Help others choose the right Lawyer. 

If you want to warn people about a Lawyer or if you have a problem with an attorney and want to protect other potential or current clients from that Attorney you can Google the Attorney's name and then there is an area where you can write a review right in Google.   

On Avvo you can rate the Attorney’s performance and write a review of your experience. 

You are encouraged to rate and review Attorney’s.  Before you hire an Attorney, wouldn’t you have wanted to know what the Attorney was like.  Even if you discover that there have been prior problems or misconduct, wouldn’t you want to warn other potential clients of what you’ve discovered. 

WHO ARE THE ATTORNEY’S THAT PRACTICE BANKRUPTCY LAW IN YUMA?

According to the Bankruptcy Court’s website the following are Attorney’s that practice in Yuma. 

(Listed in no specific order).

(These were Attorney’s that had 341 hearings scheduled on the Bankruptcy Court Calendar on 1-25-2014)

Amanda Taylor

Thomas Allen

Vida Florez

Matthew Thomas Foley

Steven A. Alpert

Kirk Guinn

Phillip Hineman

Jason Chandler Farrington

Katherine Anderson Sanchez

Look these attorneys up in AVVO and through the Arizona Bar Association.  Before you hire an attorney, check them out!  There also might be other Attorney's practicing Bankruptcy Law in Yuma.  Check them out before you retain an Attorney!  (No reference or referral or recommendation is given for or against any Attorney listed.  The list came from the U.S. Bankruptcy Court 341 schedule web site and no recommendation is made for or against any attorney listed.)

(If you have had a problem with an Attorney please let us know:  E-mail:  YumaBankruptcy@gmail.com ) BUT, also let others know by reviewing them in GOOGLE or AVVO.

Both AVVO and the Arizona Bar Association rate and give information on Attorney’s that practice in all legal areas, including Divorce, Personal Injury, Criminal Law, etc.

#1 Yuma Bankruptcy

BK Videos and Chapter 13
Bankruptcy Videos:

The Federal Bankruptcy Court has made video's explaining Bankruptcy.  

Click to play video 
CLICK ON PHOTO TO START VIDEOS

You can also go onto the Federal Bankruptcy Court Website:  http://www.uscourts.gov/video/bankruptcybasics/bankruptcyBasics.html


Arizona Bankruptcy Court Information
The Arizona Bankruptcy Court has a website that has extensive information concerning Bankruptcy, the Bankruptcy procedure and FAQ's (Frequently Asked Questions).
 http://www.azb.uscourts.gov/default.aspx?PID=14

Chapter 13 Bankruptcy

 Steps and Procedures in a Chapter 13 Bankruptcy

 

      Chapter 13 Bankruptcy is generally used by individuals and sole proprietorships who do not qualify for or want to file a Chapter 7 bankruptcy.  Most of the people that do not file a Chapter 7 Bankruptcy file a Chapter 13 Bankruptcy.  It allows the individual or business to keep their property and pay off their debt on a schedule over three to five years.  A court-appointed trustee a paid a set amount each month.  The trustee then distributes funds to creditors.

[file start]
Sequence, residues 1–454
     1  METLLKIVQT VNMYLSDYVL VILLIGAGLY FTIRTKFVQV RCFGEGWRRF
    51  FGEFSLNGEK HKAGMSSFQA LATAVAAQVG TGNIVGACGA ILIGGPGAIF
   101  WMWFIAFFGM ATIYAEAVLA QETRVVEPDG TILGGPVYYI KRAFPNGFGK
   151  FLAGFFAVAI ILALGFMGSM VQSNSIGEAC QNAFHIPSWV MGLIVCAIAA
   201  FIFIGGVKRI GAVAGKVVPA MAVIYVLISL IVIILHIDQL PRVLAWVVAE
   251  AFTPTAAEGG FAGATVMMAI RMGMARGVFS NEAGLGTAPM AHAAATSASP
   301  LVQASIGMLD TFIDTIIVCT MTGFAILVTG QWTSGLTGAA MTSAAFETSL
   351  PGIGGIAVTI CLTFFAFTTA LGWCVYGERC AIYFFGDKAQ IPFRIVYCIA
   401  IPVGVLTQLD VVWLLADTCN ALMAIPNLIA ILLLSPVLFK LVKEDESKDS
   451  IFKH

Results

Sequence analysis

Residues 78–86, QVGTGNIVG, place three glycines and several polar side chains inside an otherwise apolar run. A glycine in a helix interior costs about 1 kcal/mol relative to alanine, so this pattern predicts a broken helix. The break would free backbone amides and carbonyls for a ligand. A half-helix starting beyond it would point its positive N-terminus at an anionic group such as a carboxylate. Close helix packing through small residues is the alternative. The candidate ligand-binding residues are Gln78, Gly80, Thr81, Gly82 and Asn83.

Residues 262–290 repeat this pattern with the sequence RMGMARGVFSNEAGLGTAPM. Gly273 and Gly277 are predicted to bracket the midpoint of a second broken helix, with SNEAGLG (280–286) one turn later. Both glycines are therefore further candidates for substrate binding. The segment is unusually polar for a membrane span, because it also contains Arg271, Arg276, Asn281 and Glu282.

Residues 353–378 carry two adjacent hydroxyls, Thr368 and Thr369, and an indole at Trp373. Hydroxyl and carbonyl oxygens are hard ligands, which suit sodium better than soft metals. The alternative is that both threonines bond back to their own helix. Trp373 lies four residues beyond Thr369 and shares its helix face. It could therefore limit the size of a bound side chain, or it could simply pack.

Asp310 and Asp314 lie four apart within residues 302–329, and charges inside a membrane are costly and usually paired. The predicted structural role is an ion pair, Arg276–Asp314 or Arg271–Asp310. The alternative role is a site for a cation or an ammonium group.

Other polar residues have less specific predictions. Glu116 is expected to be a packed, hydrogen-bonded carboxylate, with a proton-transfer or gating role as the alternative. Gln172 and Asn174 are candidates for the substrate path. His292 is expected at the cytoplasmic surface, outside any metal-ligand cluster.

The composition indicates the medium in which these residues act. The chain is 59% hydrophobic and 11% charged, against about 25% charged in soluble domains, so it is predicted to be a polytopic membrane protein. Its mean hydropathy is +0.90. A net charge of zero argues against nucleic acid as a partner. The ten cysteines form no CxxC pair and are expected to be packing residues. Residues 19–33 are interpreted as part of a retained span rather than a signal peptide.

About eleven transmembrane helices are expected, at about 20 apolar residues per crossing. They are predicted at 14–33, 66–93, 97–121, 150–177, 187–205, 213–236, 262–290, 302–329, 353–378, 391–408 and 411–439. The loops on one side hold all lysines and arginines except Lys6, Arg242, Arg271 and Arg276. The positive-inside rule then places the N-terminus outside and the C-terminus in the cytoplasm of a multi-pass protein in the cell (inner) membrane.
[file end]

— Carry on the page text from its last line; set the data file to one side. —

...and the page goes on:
Chapter 13 Eligibility: If you have never before filed a bankruptcy, you are eligible or you are eligible to file for Chapter 13 bankruptcy after four years have passed from a previous Chapter 7 discharge or after two years have passed from a previous Chapter 13 discharge.

     Chapter 13 Bankruptcy involves creating a restructuring (payback) plan.  This plan may allow debtors to create an arrangement by which they can pay their back mortgage payments over time and remain in their home.  A Plan must be created to pay off your debt within a three to five-year period.  The main requirement for filing Chapter 13 Bankruptcy is that you have enough regular income to cover your monthly expenses as well as the payments required under the restructuring plan.  This means that you must be able to pay your monthly mortgage payments and car payments on time and also stay on top of paying off debt according to your plan.  

      Chapter 13 Bankruptcy allows you to keep the majority of your property as long as you meet your monthly payments to the court-appointed trustee.  The terms of a Chapter 13 bankruptcy payment plan can be adjusted if major changes occur, such as losing your job or becoming seriously ill.  If you become unable to pay continue with a payment plan, you will need to either terminate the Bankruptcy or change it to a Chapter 7 Bankruptcy.  Tax debts, debts ordered pursuant to a Domestic Relations Order and most student loans usually cannot be discharged in any form of bankruptcy.

      In a Chapter 13 Bankruptcy, there isn't any liquidation as there is in a Chapter 7 Bankruptcy since the debt is being repaid over time. The trustee is responsible for managing the payment plan set out in your petition. The trustee collects the payments from the debtor and disburses the money to the creditors. As in Chapter 7, the trustee would also be the main point of contact for creditors and arrange any necessary meetings associated with the case.